Following their earlier consultation exercise, the Government has confirmed the intention to proceed with the world’s first public register which will require overseas companies buying UK property to disclose who the ultimate owners of the companies/properties are.

The intention is that draft legislation will be published this summer and the register will go live in early 2021, which will apply to the acquisition of both UK residential and commercial properties.

The stated intention of the register is to remove the opportunity to utilise offshore companies to launder the proceeds of crime through the acquisition of properties in the UK.  The obvious impact is that all investors interested in acquiring UK properties via offshore corporate vehicles will no longer be able to maintain privacy.

It should be noted that the register is intended to be a public register and is aimed specifically at offshore ownership of UK-situs property assets.  Overseas purchasers of UK property should be aware that from 2021, such details are likely to be a matter of public record.

We hope that there will be further guidance issued on how the register will work in respect of more complex arrangements such as discretionary trusts and nominees, particularly following recent HMRC confusion surrounding the implementation of their Trust Registration Service.

Those holding UK-situs property indirectly through offshore companies may therefore wish to examine their holding structures now to ensure that their tax and legal advice is up to date and, where necessary, consider whether they should utilise the Worldwide Disclosure Facility to put their affairs in order before the register is established.

The public register follows the introduction of a number of provisions in recent years, targeting offshore structures or persons holding UK “high value” residential property: –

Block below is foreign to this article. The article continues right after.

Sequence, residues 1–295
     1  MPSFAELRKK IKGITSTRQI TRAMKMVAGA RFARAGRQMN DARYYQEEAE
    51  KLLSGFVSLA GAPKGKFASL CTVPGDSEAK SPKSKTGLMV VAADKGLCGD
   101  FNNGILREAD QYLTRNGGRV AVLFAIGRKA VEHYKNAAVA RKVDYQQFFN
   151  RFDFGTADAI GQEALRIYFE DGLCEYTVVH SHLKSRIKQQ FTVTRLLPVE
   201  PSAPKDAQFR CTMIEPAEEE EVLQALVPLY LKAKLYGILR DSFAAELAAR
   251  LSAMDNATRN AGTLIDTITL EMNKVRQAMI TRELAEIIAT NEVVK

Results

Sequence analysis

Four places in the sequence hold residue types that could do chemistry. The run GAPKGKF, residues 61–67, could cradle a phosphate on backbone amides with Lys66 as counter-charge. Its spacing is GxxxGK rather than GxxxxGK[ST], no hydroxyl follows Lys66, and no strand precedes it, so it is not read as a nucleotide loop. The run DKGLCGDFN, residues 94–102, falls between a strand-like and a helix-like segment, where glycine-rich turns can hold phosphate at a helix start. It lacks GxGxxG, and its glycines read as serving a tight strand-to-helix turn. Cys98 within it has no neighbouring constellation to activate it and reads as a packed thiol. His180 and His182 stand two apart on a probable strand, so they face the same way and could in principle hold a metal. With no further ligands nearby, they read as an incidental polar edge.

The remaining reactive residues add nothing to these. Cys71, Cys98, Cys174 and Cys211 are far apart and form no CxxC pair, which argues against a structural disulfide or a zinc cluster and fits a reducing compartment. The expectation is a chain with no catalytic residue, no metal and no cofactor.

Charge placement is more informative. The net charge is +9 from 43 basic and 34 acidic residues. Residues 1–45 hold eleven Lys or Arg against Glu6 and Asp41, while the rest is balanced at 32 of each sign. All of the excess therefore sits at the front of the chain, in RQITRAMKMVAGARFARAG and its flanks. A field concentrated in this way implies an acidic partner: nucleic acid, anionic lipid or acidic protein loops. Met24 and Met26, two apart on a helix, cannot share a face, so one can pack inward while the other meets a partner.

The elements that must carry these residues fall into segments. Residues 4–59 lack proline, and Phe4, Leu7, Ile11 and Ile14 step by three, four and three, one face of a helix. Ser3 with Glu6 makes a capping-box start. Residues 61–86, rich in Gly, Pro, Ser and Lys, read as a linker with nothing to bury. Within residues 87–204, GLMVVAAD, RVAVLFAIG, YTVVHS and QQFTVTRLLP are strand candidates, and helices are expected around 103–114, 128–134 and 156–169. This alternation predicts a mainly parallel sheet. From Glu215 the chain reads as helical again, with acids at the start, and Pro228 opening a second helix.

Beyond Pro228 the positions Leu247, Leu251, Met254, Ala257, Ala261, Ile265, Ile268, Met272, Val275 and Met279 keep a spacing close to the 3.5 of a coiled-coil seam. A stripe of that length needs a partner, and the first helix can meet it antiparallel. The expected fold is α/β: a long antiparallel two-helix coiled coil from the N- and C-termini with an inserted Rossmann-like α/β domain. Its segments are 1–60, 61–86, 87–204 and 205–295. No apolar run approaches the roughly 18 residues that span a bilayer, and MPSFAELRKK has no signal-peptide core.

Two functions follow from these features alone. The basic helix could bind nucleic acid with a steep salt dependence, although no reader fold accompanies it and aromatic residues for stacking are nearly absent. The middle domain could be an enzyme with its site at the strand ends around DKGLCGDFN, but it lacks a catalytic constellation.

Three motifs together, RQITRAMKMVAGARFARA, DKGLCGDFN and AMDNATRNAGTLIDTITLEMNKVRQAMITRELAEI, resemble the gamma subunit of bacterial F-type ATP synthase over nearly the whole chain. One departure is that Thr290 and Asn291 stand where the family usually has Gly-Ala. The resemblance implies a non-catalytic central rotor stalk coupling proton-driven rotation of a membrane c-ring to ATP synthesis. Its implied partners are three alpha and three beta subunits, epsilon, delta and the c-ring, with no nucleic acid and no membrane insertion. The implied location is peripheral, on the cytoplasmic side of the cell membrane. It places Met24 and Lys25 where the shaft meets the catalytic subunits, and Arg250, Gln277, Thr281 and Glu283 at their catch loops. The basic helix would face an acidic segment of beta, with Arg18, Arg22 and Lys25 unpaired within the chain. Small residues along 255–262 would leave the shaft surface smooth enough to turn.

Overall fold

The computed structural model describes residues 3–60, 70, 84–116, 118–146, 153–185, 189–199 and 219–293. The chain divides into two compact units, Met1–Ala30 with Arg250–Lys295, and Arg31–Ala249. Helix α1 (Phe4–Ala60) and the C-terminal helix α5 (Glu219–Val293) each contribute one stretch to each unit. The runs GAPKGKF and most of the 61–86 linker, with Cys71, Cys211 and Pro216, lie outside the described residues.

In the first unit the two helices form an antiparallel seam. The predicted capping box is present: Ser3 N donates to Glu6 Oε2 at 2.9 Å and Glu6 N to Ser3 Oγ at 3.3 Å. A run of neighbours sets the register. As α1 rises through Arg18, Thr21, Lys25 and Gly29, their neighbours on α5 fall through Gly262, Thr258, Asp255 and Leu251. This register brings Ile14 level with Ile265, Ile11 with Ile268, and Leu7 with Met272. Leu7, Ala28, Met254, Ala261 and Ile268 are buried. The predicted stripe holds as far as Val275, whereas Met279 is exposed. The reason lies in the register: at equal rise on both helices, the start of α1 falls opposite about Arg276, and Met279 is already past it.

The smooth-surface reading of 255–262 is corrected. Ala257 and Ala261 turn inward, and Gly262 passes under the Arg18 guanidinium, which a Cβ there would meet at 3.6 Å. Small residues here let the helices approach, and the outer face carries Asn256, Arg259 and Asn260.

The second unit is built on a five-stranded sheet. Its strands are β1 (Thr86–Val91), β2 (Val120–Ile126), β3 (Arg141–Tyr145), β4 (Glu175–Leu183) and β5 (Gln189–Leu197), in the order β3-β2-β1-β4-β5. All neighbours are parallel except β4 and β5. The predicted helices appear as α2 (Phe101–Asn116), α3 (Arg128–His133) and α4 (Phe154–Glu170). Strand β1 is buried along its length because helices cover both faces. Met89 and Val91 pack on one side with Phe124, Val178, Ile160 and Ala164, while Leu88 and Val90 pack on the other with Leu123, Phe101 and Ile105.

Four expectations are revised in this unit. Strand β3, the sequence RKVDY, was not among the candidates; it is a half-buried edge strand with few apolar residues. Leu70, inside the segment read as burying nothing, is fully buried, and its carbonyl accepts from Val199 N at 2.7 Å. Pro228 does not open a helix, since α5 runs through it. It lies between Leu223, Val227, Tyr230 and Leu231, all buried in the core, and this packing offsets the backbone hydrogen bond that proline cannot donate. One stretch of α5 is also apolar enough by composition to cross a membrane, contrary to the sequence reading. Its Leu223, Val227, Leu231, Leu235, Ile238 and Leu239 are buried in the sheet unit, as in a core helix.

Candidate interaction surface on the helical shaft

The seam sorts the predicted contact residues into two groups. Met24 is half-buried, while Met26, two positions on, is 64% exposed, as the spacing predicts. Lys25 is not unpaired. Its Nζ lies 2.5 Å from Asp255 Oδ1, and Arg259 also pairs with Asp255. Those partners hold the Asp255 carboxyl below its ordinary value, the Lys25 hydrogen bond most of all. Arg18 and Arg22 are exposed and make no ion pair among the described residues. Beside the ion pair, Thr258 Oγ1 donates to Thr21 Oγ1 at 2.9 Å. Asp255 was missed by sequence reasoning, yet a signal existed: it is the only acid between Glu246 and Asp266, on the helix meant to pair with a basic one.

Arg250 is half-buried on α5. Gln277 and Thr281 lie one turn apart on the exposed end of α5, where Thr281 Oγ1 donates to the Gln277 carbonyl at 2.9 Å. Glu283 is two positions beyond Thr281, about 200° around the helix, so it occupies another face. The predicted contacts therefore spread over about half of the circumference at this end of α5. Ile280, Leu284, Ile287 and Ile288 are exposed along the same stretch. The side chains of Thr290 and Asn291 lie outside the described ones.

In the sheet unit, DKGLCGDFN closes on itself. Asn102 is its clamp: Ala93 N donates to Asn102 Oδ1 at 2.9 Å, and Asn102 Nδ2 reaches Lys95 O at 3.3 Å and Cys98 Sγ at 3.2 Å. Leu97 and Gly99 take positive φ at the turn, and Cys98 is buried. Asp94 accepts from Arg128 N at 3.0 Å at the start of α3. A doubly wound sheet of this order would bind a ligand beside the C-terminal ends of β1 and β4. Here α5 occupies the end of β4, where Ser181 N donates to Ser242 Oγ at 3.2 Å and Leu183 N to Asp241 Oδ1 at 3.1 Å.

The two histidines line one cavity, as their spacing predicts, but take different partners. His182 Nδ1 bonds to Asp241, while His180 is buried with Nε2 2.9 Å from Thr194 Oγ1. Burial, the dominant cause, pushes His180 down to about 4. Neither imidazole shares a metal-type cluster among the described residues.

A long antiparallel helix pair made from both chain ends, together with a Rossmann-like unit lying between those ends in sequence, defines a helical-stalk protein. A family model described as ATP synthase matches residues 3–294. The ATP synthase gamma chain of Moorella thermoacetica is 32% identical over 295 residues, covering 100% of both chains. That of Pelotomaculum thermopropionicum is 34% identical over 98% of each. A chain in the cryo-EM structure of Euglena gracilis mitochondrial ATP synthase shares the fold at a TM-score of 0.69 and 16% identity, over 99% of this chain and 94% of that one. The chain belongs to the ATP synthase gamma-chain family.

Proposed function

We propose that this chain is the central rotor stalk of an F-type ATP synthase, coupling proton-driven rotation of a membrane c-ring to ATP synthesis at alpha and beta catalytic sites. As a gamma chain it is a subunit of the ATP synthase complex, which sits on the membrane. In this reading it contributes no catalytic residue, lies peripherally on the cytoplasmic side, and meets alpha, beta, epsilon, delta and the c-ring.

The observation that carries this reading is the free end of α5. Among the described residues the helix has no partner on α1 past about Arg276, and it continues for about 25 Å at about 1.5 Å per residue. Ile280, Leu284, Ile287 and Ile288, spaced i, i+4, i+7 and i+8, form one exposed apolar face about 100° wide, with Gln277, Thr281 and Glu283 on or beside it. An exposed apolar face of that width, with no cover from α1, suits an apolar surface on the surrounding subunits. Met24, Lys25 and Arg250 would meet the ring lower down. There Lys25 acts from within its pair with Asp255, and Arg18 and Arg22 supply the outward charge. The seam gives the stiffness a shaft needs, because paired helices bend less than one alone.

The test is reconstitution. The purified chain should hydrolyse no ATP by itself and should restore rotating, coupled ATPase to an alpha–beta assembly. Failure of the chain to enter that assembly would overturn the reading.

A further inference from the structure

• Annual Tax on Enveloped Dwellings (“ATED”), introduced by Finance Act 2013 for properties worth more than £2m; now applies to qualifying properties worth over £500,000 from 1 April 2016.
  • ATED related chargeable gains effective from April 2013 at a rate of 28%; applicable to disposals of enveloped properties worth over £500,000 by offshore holding companies.
  • Finance Act 2012 introduced 15% Stamp Duty Land Tax (“SDLT”) on purchases of qualifying residential property worth over £500,000 by companies and other “non-natural persons”.
  • Non-Resident Capital Gains Tax from April 2015, at a rate of 28%, has been introduced for gains accruing on a disposal by a non-resident individual owning UK residential property, with values rebased as at April 2015; previously only those individuals tax-resident in the UK were liable to CGT on disposals of their UK-situs assets.
  • ATED has been subject to the General Anti-Abuse Rule (“GAAR”) and DOTAS (“Disclosure of Tax Avoidance Schemes” rules) since 2013.
  • Inheritance Tax on UK residential property that is held indirectly via offshore holding companies, or on loans to fund the acquisition of UK-situs residential property, from April 2017.
  • Current consultation relating to CGT on commercial property and property-holding entities
  • Current consultation to bring overseas companies into the scope of UK corporation tax.

These provisions have reduced or have the potential to remove any real tax benefits of indirect ownership and the proposed register will remove the right to privacy.

It is essential that those owning and investing in UK property check that their planning is up to date, tax compliant and still relevant in the light of recent developments.  The Government Consultation document can be accessed here.

For further details on the above and how we can assist you with regard to your property ownership and whether an offshore holding structure is still beneficial, please contact:

Nicholas Barlow (Head of Private Client) Email

Jeremy Pow (Commercial Property Partner) Email

1st February 2018